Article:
Sound design is that layer of otherworldly non-musical texture that fills in the gaps. Big rises, hits, and transitions that come into play once I have the picture in front of me to look at. It’s not specifically connected to an action you see on the screen, but it can be connected to the way the editor cut the footage together. It’s really the glue that locks the music to what you are seeing.
The foley, or a sound that represents an action on the screen is another layer that helps the sound become more real to people. With this video I did about half the “real world” sounds like crowd noises, motorcycles “vrooming,” etc. But even those layers for me become sound design and music depending on how I treat them.
The video the Brewers put together almost has a dreamlike feel to it, so to put super literal sounds in it would have ruined that slow, dreamy vibe. I spent a lot of time treating these layers to make them feel more supernatural.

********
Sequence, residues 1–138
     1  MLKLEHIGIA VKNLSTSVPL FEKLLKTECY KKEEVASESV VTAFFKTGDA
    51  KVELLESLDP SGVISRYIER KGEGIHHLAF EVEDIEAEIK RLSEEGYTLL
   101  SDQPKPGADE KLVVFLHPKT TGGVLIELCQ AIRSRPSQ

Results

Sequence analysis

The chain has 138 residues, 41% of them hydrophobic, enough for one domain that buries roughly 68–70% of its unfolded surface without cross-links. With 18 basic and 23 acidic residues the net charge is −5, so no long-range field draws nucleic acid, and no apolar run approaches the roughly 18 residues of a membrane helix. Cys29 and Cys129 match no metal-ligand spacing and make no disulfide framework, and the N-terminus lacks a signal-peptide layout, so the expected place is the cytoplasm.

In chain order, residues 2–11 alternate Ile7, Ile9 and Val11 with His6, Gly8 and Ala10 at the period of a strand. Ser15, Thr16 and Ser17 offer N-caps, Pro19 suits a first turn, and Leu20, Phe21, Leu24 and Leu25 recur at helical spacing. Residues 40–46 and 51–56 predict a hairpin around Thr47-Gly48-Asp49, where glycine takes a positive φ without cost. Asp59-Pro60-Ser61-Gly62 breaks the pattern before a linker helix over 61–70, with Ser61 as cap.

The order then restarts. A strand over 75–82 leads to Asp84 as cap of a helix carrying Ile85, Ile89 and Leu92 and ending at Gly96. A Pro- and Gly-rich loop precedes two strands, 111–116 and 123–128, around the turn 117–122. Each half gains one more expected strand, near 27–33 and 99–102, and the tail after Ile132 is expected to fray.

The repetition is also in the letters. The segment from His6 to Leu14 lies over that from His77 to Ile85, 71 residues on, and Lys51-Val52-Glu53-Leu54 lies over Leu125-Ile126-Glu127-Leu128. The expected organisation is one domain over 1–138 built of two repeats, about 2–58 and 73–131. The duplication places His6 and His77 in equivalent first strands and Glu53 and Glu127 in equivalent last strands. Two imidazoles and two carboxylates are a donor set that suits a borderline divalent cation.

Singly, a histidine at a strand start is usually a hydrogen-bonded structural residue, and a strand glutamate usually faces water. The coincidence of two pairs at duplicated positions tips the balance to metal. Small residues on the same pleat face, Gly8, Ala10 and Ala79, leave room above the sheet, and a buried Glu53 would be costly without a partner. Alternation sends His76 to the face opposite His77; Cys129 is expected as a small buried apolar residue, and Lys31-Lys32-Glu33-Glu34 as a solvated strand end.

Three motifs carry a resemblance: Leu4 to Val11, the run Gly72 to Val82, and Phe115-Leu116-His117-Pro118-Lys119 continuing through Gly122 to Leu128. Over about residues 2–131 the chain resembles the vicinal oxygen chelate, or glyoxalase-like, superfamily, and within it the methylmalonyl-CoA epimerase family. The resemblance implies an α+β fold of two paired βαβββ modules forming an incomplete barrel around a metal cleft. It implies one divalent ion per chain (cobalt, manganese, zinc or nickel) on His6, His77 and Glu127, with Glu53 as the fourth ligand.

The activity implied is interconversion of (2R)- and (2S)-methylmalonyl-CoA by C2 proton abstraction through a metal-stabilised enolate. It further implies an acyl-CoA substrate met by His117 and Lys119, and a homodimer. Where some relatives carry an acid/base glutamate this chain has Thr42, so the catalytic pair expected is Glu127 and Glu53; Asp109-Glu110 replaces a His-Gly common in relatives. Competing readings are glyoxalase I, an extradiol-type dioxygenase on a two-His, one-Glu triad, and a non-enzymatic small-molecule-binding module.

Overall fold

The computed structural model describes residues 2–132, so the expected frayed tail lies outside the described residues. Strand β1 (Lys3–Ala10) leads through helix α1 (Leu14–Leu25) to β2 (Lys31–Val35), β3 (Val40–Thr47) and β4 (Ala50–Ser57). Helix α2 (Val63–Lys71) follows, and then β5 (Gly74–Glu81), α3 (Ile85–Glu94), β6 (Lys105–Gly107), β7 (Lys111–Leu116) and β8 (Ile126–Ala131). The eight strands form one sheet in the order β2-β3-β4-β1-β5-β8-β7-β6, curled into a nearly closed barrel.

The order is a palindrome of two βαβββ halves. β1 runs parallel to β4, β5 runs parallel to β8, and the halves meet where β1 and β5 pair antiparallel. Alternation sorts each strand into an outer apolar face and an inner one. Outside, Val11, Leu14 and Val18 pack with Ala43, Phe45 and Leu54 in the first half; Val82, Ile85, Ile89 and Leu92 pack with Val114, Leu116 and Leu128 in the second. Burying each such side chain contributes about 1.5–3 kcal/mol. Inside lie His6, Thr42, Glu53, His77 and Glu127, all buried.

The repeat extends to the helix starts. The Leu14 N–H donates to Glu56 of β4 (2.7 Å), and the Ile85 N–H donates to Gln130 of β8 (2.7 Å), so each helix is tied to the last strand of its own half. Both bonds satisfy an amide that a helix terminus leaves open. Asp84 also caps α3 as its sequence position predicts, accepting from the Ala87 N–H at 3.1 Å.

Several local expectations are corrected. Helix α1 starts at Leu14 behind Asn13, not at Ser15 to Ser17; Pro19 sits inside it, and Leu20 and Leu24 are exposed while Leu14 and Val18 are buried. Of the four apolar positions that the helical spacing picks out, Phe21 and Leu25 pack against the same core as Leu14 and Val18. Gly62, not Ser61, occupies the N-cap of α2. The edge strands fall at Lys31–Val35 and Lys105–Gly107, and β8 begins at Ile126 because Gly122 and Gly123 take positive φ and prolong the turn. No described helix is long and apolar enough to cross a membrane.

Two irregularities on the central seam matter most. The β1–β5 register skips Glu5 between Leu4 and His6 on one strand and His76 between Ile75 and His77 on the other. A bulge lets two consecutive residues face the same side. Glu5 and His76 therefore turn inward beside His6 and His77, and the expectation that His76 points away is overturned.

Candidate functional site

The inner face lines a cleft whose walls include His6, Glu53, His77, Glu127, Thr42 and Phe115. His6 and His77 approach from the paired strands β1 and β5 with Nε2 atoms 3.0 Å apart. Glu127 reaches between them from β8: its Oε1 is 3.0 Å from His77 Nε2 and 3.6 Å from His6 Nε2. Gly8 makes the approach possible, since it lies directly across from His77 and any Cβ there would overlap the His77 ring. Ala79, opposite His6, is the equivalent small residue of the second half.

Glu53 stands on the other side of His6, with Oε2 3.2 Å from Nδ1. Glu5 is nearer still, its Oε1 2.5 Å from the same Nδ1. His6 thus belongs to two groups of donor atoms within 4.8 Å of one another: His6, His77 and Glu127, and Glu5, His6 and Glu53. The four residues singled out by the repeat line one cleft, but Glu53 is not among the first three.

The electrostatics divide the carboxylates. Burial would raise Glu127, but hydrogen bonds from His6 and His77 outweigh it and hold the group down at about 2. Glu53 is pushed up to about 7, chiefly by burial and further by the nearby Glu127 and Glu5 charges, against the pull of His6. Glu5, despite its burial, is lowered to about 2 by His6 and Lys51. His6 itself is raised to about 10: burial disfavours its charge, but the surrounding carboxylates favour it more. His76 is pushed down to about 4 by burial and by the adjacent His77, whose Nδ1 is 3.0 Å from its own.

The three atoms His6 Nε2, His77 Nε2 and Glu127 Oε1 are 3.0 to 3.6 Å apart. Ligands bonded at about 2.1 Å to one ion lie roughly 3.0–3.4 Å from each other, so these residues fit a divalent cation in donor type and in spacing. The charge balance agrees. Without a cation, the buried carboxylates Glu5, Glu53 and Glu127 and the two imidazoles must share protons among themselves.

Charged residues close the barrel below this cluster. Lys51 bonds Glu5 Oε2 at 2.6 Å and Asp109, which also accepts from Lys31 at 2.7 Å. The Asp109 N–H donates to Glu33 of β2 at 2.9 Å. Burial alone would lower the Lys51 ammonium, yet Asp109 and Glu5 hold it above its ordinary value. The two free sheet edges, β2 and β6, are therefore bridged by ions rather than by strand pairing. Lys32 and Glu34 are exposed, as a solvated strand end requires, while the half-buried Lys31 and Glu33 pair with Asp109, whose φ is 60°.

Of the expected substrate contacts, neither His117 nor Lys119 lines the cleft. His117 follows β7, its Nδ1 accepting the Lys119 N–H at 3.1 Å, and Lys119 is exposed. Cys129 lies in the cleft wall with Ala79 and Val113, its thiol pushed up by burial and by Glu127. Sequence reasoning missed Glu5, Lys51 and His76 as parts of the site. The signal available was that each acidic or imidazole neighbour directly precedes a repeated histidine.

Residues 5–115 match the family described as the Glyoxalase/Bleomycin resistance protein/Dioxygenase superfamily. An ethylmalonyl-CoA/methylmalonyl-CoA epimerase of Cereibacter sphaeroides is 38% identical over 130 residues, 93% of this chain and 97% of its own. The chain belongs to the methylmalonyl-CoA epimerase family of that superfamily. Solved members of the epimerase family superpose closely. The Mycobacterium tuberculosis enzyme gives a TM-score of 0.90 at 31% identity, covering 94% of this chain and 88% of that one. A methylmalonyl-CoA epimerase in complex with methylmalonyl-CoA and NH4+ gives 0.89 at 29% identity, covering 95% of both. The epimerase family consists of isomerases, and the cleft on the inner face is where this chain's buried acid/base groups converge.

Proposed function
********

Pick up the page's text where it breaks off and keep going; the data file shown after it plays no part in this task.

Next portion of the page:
CID: Can you elaborate on that?
Dave: Crowd noise, for example, can be jarring if the video you’re looking at is in slow motion and cutting between different ball games. Just dropping a cheering sound on top of the footage would pull you out of the moment. So I play with pitch, reverb imagining and volume fading to make it feel more other-worldly and dreamlike.
The other layers I love playing with are subtle noise texture that you don’t really hear, but if they were gone you might feel like something is missing. For the first 45 seconds of the video there is a layer of very quiet noise or hiss that sits underneath the mix. The opening shot of the city are affected to feel like they were shot on super 8 or 16mm cameras and I wanted to give a nod to that era of production by adding a sound that represents that look.
Of course most people view these videos on their phones standing in line at the cafe so they probably miss that, but it’s there and I know it.
CID: Do you have to use a different brain (so to speak) for each of them? Does it use different parts of your brain? Or are you always thinking about both as parts of the whole?